Seven whale strandings in five months leave scientists confused

by Rosemary An and Kiki Sideris

An unusual mortality event (UME) has plagued Long Island shores, resulting in seven whale beachings in the last five months and puzzling scientists.

There have been 23 whale strandings on New York shores since January 2017. The most recent stranding was on Fire Island, the south shore of Long Island. By comparison, there was only one whale stranding in 2006 and four in 2007.

The National Oceanic and Atmospheric Association (NOAA) declared a UME in January 2016 after more than 75 humpback whales washed up along the Atlantic coast. The Marine Mammal Protection Act defines a UME as “a stranding that is unexpected; involves significant die-off of any marine mammal population; and demands immediate response.”

Five of the seven beached whales found in the last five months have shown evidence of vessel strikes, but scientists from NOAA and AMCS are still unsure of the direct cause.

“Everyone is trying to find a common link,” David Morin, NOAA Fisheries’ incident commander and large whale disentanglement specialist, said.

Atlantic Marine Conservation Society (AMCS) chief scientist Rob DiGiovanni explained that the two factors contributing to whale strandings are natural and anthropogenic, or human-induced. Natural factors include aging and sickness. However, sickness could also be anthropogenic, resulting from entanglement, vessel strikes and plastic found in whale food like fish.

In May, a humpback whale washed up on Long Beach with bruises consistent with a vessel strike. “Actually seeing the big beautiful creature dead on the beach was like being kicked in the stomach,” Long Beach resident Cindy Schott said. “Hearing the cause of death was due to a boat was like another kick.”

In 2017, AMCS found that 17 percent of whale and dolphin mortalities on Long Island were human-induced.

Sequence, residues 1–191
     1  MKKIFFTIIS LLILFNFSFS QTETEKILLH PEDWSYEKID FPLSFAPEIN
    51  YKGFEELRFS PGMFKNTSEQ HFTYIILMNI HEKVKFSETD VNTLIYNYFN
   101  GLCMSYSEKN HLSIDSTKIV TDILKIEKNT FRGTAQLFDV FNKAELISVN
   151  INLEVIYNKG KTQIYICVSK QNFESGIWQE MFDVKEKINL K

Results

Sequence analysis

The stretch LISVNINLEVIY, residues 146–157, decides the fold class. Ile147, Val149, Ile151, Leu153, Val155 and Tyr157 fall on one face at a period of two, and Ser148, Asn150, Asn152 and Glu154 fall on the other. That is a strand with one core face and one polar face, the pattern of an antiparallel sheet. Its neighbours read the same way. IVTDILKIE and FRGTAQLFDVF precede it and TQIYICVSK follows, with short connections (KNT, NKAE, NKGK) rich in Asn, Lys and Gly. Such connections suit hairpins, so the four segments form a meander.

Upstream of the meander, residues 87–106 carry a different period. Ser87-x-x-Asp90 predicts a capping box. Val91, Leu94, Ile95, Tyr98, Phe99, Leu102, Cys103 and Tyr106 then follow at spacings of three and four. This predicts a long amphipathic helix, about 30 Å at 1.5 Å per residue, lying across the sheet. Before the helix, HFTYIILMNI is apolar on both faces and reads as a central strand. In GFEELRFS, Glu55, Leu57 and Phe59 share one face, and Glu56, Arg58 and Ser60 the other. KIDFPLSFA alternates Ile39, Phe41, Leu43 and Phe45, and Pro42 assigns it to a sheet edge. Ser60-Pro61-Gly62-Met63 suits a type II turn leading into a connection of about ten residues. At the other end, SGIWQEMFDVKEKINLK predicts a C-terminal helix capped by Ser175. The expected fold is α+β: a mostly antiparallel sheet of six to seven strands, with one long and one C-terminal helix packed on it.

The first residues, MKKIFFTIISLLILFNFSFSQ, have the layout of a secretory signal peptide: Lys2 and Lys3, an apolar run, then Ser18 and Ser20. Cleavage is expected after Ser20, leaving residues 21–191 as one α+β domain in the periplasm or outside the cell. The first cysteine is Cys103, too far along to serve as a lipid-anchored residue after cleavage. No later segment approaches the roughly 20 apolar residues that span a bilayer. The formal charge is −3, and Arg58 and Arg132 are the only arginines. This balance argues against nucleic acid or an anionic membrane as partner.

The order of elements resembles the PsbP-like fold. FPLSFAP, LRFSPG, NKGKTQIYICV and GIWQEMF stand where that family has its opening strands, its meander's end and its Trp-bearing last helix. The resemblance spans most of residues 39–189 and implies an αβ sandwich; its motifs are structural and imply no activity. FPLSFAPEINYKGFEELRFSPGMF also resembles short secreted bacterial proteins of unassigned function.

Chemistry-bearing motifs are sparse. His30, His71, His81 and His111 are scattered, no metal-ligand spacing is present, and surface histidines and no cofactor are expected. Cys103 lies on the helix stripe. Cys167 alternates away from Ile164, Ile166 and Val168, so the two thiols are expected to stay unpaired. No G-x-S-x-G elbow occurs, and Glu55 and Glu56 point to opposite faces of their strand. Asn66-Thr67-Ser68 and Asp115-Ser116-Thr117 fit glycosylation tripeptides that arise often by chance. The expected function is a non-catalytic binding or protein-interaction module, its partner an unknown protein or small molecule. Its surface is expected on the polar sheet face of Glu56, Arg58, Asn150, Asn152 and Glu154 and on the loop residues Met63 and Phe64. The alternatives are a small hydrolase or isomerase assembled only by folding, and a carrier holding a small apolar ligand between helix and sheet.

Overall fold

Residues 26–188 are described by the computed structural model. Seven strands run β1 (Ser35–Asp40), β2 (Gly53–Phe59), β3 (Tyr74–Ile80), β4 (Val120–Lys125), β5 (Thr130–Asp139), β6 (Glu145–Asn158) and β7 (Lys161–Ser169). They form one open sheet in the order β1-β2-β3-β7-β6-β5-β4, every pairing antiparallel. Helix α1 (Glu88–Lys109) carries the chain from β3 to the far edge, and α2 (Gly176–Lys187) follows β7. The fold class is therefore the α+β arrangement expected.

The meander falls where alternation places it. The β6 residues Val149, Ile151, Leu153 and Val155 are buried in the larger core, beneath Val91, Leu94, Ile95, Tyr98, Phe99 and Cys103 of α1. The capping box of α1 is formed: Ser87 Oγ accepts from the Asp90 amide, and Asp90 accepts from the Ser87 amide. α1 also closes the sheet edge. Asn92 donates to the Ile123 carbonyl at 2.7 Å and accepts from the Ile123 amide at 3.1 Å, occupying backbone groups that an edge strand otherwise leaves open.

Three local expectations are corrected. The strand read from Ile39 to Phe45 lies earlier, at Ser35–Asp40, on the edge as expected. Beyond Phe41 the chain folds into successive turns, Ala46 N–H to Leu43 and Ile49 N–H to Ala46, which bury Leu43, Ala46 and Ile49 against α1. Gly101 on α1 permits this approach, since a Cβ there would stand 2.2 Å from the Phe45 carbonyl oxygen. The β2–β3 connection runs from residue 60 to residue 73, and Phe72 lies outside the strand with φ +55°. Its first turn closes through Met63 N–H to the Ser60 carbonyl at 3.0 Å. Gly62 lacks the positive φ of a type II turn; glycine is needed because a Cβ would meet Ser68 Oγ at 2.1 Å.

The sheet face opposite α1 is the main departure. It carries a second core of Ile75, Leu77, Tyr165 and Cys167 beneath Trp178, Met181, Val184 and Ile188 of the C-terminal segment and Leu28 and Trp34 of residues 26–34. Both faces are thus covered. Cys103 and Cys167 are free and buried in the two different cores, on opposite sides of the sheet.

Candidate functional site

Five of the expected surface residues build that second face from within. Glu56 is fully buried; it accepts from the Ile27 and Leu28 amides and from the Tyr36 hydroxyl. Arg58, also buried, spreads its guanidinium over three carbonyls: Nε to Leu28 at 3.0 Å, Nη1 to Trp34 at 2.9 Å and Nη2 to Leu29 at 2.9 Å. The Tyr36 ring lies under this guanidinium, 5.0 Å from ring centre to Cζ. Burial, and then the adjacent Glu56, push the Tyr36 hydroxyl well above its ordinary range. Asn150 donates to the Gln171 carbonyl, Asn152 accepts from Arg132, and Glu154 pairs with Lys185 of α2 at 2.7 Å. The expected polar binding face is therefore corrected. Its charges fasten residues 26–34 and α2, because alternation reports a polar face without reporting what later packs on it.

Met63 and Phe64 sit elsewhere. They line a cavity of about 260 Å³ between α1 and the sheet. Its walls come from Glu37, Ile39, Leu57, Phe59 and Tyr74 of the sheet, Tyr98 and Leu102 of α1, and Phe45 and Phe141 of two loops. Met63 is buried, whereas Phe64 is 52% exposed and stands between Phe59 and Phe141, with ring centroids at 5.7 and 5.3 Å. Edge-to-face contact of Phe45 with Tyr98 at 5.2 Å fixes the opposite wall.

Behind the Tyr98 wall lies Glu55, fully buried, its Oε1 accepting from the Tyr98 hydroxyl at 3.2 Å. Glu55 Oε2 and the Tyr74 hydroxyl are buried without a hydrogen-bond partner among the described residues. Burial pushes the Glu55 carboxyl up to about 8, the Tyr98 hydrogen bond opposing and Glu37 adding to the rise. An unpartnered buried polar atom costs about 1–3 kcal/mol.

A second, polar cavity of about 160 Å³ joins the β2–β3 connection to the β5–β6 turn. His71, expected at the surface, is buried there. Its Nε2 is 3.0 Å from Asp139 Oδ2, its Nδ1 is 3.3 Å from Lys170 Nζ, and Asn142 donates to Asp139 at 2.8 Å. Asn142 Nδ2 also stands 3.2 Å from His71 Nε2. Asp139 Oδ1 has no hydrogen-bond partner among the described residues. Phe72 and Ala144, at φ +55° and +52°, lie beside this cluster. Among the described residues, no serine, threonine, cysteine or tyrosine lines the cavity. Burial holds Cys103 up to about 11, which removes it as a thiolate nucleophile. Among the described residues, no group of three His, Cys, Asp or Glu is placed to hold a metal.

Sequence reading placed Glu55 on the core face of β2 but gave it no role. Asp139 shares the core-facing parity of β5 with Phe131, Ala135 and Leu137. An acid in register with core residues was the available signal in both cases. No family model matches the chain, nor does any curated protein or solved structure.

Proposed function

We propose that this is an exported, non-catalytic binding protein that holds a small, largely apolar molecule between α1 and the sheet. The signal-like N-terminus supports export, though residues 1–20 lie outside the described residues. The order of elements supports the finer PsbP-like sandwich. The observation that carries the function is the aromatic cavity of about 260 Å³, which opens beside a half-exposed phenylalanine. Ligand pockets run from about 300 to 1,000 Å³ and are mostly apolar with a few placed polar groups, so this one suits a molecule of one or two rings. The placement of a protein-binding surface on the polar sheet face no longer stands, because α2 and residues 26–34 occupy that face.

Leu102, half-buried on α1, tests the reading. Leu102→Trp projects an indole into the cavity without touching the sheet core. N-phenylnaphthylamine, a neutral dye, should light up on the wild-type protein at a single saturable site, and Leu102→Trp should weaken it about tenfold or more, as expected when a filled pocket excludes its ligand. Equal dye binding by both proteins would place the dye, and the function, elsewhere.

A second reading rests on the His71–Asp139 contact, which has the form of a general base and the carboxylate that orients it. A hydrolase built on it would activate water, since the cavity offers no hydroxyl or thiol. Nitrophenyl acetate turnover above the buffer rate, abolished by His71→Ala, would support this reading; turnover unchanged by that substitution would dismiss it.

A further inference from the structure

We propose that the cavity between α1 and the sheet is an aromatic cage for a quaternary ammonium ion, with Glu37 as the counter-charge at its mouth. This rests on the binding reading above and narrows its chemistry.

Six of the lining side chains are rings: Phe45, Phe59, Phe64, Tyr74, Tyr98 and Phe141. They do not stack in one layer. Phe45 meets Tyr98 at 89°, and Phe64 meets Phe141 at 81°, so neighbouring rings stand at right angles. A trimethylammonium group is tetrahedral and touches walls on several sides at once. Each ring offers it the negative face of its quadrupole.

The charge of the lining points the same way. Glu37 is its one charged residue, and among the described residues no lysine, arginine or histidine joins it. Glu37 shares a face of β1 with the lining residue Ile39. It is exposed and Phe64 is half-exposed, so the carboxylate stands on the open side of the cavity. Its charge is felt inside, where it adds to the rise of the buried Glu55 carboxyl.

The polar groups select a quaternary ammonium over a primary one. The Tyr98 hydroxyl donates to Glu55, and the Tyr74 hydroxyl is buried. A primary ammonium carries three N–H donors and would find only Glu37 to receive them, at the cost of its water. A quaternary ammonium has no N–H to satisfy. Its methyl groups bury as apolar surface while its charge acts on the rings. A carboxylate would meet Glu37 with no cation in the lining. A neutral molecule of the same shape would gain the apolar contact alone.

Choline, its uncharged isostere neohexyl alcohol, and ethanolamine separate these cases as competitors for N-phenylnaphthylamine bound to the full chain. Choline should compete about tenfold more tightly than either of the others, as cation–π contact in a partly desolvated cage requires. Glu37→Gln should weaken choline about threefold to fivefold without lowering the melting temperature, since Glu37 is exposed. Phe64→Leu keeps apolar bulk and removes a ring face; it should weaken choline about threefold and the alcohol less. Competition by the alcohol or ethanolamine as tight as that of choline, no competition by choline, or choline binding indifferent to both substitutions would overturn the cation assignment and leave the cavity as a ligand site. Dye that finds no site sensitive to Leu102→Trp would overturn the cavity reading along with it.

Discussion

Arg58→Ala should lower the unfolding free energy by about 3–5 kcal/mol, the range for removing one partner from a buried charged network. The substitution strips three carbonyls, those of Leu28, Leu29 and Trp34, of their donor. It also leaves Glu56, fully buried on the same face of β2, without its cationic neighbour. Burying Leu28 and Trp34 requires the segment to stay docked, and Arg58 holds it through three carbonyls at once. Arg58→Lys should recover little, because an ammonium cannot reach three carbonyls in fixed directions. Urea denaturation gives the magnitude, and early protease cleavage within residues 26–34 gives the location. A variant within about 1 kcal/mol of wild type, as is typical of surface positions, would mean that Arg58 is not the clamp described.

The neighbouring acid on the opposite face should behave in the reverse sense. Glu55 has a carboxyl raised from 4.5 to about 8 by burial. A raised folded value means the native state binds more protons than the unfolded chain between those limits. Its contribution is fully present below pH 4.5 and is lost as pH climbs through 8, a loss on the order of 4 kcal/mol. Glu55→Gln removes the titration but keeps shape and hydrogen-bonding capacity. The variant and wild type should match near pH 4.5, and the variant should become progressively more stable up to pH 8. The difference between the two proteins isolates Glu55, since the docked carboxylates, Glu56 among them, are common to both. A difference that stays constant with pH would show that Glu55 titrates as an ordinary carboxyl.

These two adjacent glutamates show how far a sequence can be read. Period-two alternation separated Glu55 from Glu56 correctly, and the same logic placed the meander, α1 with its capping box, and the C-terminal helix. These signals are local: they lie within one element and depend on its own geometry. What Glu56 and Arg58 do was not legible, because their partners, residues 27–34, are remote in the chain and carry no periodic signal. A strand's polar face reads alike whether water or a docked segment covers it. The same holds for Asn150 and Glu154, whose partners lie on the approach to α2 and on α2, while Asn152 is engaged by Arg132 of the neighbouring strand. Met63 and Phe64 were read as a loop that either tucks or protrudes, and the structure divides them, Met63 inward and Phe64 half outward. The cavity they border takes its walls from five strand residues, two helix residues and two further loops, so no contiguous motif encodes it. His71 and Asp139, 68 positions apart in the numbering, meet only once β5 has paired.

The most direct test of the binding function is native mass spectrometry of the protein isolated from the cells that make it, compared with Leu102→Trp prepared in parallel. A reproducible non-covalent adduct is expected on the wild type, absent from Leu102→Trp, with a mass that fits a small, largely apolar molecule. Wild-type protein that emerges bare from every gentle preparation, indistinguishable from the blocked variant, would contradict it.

“That’s not a small number,” DiGiovanni said. “We’re definitely having some kind of an impact on these animals. To what extent, we don’t know.”

AMCS calculates its numbers conservatively because a majority of mammals are too decomposed upon discovery, making it difficult for scientists to perform conclusive autopsies, according to DiGiovanni.

Scientists are working to acquire funding for whale stranding research, says Joseph Warren, an associate professor at Stony Brook University who researches whale food. Over the summer, his team secured state funding for visual research cruises and aerial surveys on Long Island focusing on marine mammals like whales and dolphins.

“Much like college students, whales are driven by where there is food,” Warren said. With a lot of available food on Long Island shores, this is one possible explanation as to why the whales have turned up.

Another possible explanation could be the growing numbers of the North Atlantic humpback whale population.

We see whales off Long Island more and more each year,” Paul Sieswerda, President and CEO of Gotham Whales, which tracks whales in the New York City area, said.

Since there is not enough data to conclude an exact number of whales in the area, scientists urge the community to report sightings of whales, whether they are healthy or distressed, to local organizations.

The whales’ presence serves as an indicator of environmental conditions, so it is important to stay aware of them in the area, DiGiovanni added. Each stranding helps scientists understand if there are bigger issues in the environment, which can affect humans and whales alike.

“Kids on a playground are going to get cuts, scrapes, a broken bone here and there,” DiGiovanni said. “But if you start having kids come up with the same injury over and over again, you’re going to start going, ‘Oh there’s something wrong with the things on the playground.’ That’s what we’re looking at.”

Community members can volunteer at organizations like AMCS to help study this unusual mortality event. In case of a whale stranding, pedestrians can call the NYS Stranding Hotline at 631-369-9829.